Maker marks have been used to identify silver and gold work, china and stoneware, glasswork, furniture and other objects for centuries. Like a signature on a painting, a maker mark identifies the creator of artistic work. As craftsmen gathered into guilds, workshops, and eventually factories, maker marks continued to express standards of quality and creative reputations. To prevent forgery, maker marks were often stamped or incised onto work. Whether the process involved an actual branding-iron or another identification method, we can speculate easily about the link between maker marks and what we recognize today as "brands." Learning to identify maker marks will give you information about the history, creator and possible value of your family treasure.
Begin by assembling all existing information about your object. You have always been told, for example, that your German grandmother, whose husband came from Alsace-Lorraine, brought her flowered china vase from "the old country" when she came to America as a bride. They had met as teenagers on a Rhine River day-excursion. After writing letters for years, they were finally able to marry after the First World War and came to the U.S. in 1920. They were working people, and your grandmother treasured her vase as a wedding gift. You don't recognize the initials or the symbol printed on the bottom of the vase. Chances are high, however, that the vase comes from Northern France or Southern Germany, close to the Rhine. They met on a day-trip and were working people. War made much travel impossible. All the family details suggest beginning your maker mark search search between 1910 and 1920, in areas close to the Rhine in both France and Germany.
Copy all the marks you can see on the bottom of your vase. Take photographs of the whole piece and of the marks, if possible. If you are adept at drawing, make a sketch of the object, noting colors, and draw the marks. Having copies keeps you from having to take your vase on searches for information.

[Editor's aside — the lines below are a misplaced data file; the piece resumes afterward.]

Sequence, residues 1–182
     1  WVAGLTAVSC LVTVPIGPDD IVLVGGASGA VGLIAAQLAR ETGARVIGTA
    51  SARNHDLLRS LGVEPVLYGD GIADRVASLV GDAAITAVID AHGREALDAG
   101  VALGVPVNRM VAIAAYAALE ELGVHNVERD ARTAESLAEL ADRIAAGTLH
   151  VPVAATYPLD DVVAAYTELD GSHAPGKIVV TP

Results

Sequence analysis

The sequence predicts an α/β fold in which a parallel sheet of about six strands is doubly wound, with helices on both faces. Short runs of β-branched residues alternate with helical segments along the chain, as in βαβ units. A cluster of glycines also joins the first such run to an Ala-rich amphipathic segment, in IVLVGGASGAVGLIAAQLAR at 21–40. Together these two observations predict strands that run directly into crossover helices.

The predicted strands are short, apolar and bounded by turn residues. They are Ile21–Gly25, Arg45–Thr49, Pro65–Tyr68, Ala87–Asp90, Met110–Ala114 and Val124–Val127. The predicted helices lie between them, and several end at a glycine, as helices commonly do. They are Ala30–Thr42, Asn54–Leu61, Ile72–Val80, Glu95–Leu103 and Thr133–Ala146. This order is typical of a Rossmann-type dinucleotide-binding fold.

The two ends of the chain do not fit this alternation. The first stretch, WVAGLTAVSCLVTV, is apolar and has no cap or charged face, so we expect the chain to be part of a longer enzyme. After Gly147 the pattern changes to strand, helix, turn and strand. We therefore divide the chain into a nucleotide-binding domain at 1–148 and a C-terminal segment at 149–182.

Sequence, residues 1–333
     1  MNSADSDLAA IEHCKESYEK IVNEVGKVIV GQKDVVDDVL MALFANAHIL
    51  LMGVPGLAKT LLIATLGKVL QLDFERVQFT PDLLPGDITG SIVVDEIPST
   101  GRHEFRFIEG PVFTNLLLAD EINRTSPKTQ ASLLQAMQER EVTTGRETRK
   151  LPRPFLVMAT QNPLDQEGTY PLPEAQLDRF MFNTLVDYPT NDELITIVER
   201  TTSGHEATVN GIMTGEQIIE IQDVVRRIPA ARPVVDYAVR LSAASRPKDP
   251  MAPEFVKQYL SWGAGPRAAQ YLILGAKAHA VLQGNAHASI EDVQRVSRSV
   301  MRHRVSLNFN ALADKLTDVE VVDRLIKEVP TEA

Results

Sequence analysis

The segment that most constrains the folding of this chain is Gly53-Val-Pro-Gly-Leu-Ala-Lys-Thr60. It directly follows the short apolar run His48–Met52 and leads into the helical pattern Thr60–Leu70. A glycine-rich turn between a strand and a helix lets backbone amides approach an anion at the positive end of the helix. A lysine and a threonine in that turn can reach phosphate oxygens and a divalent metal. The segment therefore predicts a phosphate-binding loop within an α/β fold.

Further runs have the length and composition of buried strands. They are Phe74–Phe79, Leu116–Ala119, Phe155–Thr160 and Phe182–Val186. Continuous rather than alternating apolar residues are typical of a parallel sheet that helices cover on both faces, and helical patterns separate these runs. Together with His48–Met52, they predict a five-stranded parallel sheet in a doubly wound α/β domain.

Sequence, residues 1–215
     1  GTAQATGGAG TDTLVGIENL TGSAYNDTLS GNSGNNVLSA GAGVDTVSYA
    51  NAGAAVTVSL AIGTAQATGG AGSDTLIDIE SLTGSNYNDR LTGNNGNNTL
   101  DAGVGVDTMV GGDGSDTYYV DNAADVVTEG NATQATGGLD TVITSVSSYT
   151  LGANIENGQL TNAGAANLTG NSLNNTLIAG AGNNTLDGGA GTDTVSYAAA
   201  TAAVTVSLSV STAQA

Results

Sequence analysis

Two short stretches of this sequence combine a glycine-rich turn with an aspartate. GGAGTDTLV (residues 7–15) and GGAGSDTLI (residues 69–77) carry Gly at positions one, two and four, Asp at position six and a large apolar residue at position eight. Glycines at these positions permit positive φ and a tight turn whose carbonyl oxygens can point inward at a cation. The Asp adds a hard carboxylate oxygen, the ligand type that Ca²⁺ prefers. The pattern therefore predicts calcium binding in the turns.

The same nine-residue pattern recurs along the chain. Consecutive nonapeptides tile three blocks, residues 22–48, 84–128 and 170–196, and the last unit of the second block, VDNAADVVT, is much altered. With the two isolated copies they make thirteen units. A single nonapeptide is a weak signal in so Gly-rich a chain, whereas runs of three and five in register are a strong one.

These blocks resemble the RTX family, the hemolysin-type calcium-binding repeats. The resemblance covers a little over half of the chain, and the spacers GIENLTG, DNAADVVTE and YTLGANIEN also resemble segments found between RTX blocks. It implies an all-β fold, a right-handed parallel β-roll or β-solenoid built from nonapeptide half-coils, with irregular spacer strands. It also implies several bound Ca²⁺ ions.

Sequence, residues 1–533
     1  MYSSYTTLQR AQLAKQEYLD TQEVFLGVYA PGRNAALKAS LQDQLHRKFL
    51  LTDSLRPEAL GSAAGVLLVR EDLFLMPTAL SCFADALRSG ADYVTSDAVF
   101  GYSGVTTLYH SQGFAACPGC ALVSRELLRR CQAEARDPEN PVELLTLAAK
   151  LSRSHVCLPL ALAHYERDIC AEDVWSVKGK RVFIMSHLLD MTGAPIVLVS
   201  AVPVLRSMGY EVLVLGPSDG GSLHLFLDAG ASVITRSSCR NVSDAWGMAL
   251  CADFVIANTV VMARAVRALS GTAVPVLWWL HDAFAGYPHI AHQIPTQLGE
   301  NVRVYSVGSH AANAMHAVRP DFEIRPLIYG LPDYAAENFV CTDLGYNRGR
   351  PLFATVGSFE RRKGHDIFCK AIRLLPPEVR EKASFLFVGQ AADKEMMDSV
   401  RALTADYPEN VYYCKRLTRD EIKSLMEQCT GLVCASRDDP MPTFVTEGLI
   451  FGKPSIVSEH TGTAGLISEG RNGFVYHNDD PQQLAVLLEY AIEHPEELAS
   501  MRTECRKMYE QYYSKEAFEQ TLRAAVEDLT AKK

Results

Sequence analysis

Research print sources of maker marks at your local public library. This is a popular research topic and you are likely to find, or be able to ask the library to obtain, print sources to examine. Both your family facts and your copies will help you narrow down the search and compare marks (these resources are often reference books and cannot therefore be checked out of the library). Take notes on what you find. Include directory titles, page numbers, and information. Copy pertinent pages.
Expand your search with online sites. Especially for china, silver and other domestic wares, sites tend to be large and informative. Give greater attention to information sites than to those featuring buying and selling. Information will be more extensive and more reliable than that provided by people most concerned with monetary value.
Include historical society and museum online sites in your search. While you are unlikely to find a museum that pinpoints your object immediately, knowledgeable curators are generous with free information and may well have research sources unavailable to you otherwise. Use contact information--and your copies--to refine your search. Online research permits you to access historical sites and museums in "the old country" as well as close to home.